Foreign insurers are less optimistic than a year ago on expanding their presence in the Chinese market as regulatory restrictions and the robust expansion of domestic peers may stifle growth, according to a recent survey by accounting firm PricewaterhouseCoopers (PwC).
Foreign insurers expect their share in the Chinese life insurance market to grow to just 8 percent over the next three years, compared with the 10 percent market share they forecast in a year ago survey.
Foreign life insurers saw their market share falling after clocking an all time-high of 8.9 percent in 2005. The share slumped to 4.7 percent in the first six months of the year.
The situation for foreign property and casualty insurance companies is more challenging than life insurers. They accounted for just 1 percent of the market in the first half, after staying around 1.2 percent in the previous five years. These firms now expect to achieve a 2 percent market share by 2012.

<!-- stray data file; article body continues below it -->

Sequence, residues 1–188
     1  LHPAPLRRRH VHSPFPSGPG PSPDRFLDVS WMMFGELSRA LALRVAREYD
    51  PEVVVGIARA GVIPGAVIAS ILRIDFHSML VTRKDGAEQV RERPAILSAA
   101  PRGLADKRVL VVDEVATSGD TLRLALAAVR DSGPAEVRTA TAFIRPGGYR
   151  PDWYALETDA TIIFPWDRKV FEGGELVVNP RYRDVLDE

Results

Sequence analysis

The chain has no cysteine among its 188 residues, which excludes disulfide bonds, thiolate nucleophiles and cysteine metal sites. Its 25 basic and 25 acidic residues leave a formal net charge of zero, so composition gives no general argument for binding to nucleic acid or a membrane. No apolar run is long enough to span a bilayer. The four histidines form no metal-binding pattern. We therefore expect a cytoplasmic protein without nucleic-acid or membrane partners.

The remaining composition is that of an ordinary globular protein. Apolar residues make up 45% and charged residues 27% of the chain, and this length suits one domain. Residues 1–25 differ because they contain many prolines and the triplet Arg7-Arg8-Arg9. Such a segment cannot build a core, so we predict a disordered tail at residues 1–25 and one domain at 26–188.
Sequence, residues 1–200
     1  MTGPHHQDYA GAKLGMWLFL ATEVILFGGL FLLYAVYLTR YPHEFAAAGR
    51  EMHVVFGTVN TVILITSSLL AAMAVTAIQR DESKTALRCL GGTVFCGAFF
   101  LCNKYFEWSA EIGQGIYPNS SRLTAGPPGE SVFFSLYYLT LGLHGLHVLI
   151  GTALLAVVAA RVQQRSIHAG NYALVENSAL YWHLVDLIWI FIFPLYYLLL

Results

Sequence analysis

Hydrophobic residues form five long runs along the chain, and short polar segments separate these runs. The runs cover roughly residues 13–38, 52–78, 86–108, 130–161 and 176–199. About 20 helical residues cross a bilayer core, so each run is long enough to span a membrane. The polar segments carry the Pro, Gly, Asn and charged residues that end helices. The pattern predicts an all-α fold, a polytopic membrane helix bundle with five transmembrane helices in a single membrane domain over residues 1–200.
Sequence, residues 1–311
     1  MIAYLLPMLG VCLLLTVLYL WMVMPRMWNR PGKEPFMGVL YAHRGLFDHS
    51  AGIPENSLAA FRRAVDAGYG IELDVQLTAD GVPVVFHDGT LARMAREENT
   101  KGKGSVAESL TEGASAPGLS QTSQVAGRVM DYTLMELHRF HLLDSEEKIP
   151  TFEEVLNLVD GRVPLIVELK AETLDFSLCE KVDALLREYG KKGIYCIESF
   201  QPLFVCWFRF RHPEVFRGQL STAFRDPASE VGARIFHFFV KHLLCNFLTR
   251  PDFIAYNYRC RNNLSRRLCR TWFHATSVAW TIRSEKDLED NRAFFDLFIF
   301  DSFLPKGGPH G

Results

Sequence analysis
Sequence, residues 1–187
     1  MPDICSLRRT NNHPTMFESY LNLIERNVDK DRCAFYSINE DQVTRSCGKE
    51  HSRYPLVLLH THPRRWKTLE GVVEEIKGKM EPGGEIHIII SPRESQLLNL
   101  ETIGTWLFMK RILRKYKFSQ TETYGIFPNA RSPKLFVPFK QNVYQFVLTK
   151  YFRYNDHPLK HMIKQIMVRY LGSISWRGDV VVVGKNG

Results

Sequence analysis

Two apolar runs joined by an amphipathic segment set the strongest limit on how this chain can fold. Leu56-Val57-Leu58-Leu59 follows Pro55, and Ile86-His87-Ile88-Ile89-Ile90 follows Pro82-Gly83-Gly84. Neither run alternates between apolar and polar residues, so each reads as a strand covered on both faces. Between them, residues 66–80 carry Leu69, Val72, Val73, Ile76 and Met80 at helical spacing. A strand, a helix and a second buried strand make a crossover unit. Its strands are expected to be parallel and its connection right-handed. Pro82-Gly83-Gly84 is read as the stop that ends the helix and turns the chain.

"Local competitors' capabilities in market exploration and their firm footing in China have been underestimated by insurers from abroad, in particular during the financial crisis," Tom Ling, PwC's partner for assurance sector, said yesterday.
The survey of senior executives from 20 foreign life insurance firms and nine property and casualty insurers showed that established domestic insurers are the main threat, followed by other foreign peers and bank subsidiaries.